by Irvin S. Cobb
IT GOES past the powers of my pen to try to describe
Reelfoot Lake for you so that you, reading this, will get the picture of it in
your mind as I have it in mine.
For Reelfoot Lake is like no other lake that I know anything
about. It is an after-thought of Creation.
The rest of this continent was made and had dried in the sun for
thousands of years-millions of years, for all I know-before Reelfoot came to be.
It's the newest big thing in nature on this hemisphere, probably, for it was
formed by the great earthquake of 1811.
That earthquake of 1811 surely altered the face of the earth on
the then far frontier of this country.
It changed the course of rivers, it converted hills into what
are now the sunk lands of three states, and it turned the solid ground to jelly
and made it roll in waves like the sea.
And in the midst of the retching of the land and the vomiting of
the waters it depressed to varying depths a section of the earth crust sixty
miles long, taking it down -- trees, hills, hollows, and all, and a crack broke
through to the Mississippi River so that for three days the river ran up stream,
filling the hole.
The result was the largest lake south of the Ohio, lying mostly
in Tennessee, but extending up across what is now the Kentucky line, and taking
its name from a fancied resemblance in its outline to the splay, reeled foot of
a cornfield negro. Niggerwool Swamp, not so far away, may have got its name from
the same man who christened Reelfoot: at least so it sounds.
Reelfoot is, and has always been, a lake of mystery.
In places it is bottomless. Other places the skeletons of the
cypress-trees that went down when the earth sank, still stand upright so that if
the sun shines from the right quarter, and the water is less muddy than common,
a man, peering face downward into its depths, sees, or thinks he sees, down
below him the bare top-limbs upstretching like drowned men's fingers, all coated
with the mud of years and bandaged with pennons of the green lake slime.
In still other places the lake is shallow for long stretches, no
deeper than breast high to a man, but dangerous because of the weed growths and
the sunken drifts which entangle a swimmer's limbs. Its banks are mainly mud,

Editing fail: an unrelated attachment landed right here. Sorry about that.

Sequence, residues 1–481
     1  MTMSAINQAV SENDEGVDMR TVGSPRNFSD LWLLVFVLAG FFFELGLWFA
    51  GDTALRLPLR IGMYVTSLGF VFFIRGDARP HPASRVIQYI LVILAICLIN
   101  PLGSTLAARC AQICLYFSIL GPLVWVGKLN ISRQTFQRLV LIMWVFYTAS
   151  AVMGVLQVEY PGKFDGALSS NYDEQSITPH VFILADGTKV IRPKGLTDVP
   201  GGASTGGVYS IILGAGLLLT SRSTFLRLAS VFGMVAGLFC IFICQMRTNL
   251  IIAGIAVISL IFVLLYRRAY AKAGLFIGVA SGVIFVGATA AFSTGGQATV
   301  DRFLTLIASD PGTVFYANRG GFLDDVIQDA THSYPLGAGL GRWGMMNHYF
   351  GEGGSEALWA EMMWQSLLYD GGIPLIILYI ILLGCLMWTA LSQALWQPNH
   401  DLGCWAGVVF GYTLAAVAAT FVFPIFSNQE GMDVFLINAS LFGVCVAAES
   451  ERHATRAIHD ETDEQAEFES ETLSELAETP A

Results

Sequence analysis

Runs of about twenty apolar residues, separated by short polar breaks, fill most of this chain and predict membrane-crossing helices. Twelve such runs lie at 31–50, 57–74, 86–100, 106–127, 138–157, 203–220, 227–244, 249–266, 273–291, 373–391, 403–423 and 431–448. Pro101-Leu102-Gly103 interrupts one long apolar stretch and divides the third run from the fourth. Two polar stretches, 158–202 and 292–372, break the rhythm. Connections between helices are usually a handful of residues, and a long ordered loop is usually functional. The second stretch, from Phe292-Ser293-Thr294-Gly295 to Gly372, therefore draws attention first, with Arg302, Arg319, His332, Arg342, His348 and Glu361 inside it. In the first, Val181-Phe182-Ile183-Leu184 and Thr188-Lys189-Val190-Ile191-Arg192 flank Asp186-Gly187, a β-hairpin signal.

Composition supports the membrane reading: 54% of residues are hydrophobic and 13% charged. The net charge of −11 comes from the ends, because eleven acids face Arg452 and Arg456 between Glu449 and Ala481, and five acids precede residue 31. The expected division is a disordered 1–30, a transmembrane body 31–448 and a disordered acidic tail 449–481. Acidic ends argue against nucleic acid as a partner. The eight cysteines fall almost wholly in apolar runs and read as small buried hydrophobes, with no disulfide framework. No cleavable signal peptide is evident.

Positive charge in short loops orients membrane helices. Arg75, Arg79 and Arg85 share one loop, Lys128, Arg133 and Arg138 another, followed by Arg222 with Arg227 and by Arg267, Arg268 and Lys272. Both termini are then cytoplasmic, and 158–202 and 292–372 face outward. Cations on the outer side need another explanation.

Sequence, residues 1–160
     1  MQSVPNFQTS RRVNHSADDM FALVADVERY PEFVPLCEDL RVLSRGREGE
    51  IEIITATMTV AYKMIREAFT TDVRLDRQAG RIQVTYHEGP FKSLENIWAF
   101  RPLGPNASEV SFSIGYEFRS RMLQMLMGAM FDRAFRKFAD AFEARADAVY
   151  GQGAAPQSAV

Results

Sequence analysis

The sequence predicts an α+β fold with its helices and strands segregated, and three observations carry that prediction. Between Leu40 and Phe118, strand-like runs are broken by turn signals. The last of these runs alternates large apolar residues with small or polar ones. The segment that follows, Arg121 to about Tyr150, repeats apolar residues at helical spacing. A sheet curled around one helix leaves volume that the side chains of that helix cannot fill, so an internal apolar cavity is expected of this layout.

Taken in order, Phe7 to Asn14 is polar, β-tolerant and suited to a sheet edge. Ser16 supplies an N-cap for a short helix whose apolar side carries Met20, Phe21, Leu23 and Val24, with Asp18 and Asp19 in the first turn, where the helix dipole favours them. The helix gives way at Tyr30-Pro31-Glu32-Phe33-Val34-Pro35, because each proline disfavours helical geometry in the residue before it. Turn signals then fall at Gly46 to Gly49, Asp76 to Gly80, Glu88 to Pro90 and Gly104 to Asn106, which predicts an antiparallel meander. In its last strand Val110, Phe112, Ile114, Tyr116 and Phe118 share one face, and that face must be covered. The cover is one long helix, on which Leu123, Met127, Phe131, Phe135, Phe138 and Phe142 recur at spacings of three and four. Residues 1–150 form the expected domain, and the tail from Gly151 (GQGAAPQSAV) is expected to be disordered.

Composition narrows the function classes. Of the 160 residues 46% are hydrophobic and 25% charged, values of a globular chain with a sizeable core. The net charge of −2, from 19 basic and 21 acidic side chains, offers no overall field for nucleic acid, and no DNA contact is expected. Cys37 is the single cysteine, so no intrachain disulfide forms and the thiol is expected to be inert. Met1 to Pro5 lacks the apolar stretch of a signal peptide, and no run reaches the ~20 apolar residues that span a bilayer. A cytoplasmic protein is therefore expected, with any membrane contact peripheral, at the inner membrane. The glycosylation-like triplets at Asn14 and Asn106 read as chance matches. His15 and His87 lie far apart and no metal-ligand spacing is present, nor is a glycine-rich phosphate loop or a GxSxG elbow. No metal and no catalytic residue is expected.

its waters are *muddled, too, being a rich coffee color in the spring and a
copperish yellow in the summer, and the trees along its shore are mud colored
clear up their lower limbs after the spring floods, when the dried sediment
covers their trunks with a thick, scrofulous-looking coat.
There are stretches of unbroken woodland around it, and slashes
where the cypress knees rise countlessly like headstones and footstones for the
dead snags that rot in the soft ooze.
There are deadenings with the lowland corn growing high and rank
below and the bleached, fire-blackened girdled trees rising above, barren of
leaf and limb.
There are long, dismal flats where in the spring the clotted
frog- spawn cling like patches of white mucus among the weed-stalks, and at
night the turtles crawl out to lay clutches of perfectly, round, white eggs with
tough, rubbery shells in the sand.
There are bayous leading off to nowhere, and sloughs that wind
aimlessly, like great, blind worms, to finally join the big river that rolls its
semi-liquid torrents a few miles to the westward.
So Reelfoot lies there, flat in the bottoms, freezing lightly in
the winter, steaming torridly in the summer, swollen in the spring when the
woods have turned a vivid green and the buffalo-gnats by the million and the
billion fill the flooded hollows with their pestilential buzzing, and in the
fall, ringed about gloriously with all the colors which the first frost
brings-gold of hickory, yellow-russet of sycamore, red of dogwood and ash, and
purple-black of sweet-gum.
But the Reelfoot country has its uses. It is the best game and
fish country, natural or artificial, that is left in the South today.
In their appointed seasons the duck and the geese flock in, and
even semi-tropical birds, like the brown pelican and the Florida snake-bird,
have been known to come there to nest.
Pigs, gone back to wildness, range the ridges, each razor-backed
drove captained by a gaunt, savage, slab-sided old boar. By night the bullfrogs,